Furthermore, the Canadian Society of Forensic Science Drugs and Driving Committee (DDC) has released its evaluation standards for oral fluid drug screening devices in Canada and the Canada Border Services Agency launched its own consultation to align relevant immigration regulations with the coming into force of the Cannabis Act.


“Our Government is taking a public health approach to legalizing, strictly regulating and restricting access to cannabis. This proposed regulatory approach is informed by the extensive consultations to date, and it supports our overarching goal of protecting public health and safety. We look forward to hearing the views of Canadians from across the country.”

The Honourable Ginette Petitpas Taylor
Minister of Health

“The current approach to cannabis is not working. We believe that our proposed regulatory approach will help us keep cannabis away from kids and keep profits from criminals and organized crime. I encourage all interested Canadians to share their views with us.”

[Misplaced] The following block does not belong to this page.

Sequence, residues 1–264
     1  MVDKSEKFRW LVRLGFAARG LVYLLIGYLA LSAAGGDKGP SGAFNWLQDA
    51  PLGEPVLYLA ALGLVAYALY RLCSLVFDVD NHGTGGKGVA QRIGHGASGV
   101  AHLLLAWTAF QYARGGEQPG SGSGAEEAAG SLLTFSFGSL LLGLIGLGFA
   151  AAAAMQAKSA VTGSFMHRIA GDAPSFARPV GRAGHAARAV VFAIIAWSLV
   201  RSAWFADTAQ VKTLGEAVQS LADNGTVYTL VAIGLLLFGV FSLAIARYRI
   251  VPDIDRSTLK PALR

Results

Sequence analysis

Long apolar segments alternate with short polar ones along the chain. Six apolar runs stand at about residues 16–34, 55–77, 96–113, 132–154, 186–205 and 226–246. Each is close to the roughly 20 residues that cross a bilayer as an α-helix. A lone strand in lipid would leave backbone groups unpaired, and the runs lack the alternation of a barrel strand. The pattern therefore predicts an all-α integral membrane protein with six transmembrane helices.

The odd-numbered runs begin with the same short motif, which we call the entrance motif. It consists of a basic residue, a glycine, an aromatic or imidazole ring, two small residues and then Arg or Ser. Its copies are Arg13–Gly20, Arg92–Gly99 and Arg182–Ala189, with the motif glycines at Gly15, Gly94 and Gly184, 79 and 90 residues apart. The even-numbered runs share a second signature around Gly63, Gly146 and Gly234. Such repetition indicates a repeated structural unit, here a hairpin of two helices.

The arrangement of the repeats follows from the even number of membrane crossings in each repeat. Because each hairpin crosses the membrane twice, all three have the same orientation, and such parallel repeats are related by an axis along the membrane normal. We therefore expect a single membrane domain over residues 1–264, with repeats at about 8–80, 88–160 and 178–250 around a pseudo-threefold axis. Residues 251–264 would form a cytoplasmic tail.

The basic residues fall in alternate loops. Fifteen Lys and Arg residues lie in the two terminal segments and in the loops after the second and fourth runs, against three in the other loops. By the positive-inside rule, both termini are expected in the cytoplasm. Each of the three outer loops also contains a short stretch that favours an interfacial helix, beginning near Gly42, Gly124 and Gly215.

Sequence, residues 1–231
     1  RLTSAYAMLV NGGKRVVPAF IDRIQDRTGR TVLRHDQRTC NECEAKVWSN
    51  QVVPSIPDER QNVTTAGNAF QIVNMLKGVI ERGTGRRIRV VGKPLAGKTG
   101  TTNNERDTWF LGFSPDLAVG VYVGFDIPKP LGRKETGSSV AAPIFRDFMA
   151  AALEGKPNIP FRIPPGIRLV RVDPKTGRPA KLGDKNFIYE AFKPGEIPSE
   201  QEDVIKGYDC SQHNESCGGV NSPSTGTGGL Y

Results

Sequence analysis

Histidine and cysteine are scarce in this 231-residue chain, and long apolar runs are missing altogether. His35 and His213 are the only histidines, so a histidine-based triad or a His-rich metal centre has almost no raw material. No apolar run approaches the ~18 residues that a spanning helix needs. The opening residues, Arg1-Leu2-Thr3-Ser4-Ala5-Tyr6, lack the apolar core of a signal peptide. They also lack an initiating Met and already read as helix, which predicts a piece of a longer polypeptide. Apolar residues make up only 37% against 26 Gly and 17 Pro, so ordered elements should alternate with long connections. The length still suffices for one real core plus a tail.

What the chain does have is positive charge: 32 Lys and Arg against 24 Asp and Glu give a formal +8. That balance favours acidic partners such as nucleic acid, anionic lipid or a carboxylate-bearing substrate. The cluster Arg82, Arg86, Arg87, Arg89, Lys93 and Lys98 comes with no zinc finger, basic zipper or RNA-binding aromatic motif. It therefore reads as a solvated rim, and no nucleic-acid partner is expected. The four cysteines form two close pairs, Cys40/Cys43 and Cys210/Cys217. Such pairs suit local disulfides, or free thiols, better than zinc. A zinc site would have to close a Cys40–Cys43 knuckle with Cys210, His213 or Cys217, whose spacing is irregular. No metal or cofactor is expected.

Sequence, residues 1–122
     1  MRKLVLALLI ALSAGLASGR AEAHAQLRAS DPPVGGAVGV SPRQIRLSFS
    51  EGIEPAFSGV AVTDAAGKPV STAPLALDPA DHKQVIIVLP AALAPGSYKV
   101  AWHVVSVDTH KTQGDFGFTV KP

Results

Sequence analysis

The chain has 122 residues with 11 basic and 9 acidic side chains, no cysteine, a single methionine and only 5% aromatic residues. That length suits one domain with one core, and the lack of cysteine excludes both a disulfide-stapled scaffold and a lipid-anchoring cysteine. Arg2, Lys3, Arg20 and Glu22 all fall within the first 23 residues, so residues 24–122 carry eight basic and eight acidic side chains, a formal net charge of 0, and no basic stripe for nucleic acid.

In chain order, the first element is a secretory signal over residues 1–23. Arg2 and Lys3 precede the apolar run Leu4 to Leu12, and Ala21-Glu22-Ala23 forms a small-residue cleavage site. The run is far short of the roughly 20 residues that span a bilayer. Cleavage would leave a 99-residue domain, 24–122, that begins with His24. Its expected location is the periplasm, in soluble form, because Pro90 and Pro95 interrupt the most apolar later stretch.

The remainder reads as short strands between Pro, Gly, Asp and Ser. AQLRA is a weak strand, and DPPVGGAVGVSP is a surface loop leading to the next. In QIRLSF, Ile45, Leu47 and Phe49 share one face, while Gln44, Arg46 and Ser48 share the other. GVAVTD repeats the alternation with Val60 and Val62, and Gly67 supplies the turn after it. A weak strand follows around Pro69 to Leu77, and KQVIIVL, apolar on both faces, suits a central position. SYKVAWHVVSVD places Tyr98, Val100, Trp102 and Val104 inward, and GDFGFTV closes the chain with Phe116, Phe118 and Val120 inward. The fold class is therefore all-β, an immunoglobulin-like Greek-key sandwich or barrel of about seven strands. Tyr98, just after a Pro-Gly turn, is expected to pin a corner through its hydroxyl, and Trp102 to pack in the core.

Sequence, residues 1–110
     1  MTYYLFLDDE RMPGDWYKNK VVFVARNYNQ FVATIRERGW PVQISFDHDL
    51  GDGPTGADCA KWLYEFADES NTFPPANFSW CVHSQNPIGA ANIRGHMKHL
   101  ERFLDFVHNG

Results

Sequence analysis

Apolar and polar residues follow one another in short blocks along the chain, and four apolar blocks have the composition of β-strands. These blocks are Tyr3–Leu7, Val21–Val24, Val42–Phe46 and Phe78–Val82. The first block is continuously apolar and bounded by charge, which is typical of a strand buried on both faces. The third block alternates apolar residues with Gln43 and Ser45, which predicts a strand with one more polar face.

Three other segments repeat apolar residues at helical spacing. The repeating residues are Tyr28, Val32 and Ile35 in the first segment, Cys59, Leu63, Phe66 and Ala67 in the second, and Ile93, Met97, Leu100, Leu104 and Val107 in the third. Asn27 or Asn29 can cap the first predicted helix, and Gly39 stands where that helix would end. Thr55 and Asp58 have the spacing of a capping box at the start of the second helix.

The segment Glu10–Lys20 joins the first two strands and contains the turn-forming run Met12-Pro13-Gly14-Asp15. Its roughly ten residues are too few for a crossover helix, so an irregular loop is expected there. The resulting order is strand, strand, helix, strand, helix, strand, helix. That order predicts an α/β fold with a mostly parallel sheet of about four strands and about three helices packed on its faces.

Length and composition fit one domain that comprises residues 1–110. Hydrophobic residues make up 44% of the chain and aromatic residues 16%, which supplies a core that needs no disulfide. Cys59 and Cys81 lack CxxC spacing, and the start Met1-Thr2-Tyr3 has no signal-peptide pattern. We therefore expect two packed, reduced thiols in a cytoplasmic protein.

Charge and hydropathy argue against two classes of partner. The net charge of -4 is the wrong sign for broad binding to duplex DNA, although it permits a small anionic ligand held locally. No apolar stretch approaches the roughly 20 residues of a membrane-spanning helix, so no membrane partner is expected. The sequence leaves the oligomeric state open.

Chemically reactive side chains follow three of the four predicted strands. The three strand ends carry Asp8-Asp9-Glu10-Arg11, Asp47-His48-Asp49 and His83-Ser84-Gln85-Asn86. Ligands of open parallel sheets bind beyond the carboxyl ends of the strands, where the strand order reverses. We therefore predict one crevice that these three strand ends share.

Bill Blair
Parliamentary Secretary to the Minister of Justice and Attorney General of Canada and to the Minister of Health

Quick Facts

  • At the end of this 60-day consultation period, Health Canada intends to publish a summary of the comments received as well as a detailed outline of any changes to the regulatory proposal, which will continue to provide industry and stakeholders with as much information as possible on the proposed regulatory requirements.
  • The Government of Canada is committed to working with Indigenous communities. It has begun discussions and will continue to exchange information on the proposed legislation and associated regulatory approach. Working with Indigenous peoples will help Health Canada and the Government gain an understanding of Indigenous perspectives, address key areas of interest, and collaborate on effective public education and communications.
  • The Government of Canada has announced an investment of $46M over the next 5 years to ensure that a robust public education, awareness and surveillance program is in place to inform Canadians of the health and safety risks of cannabis use.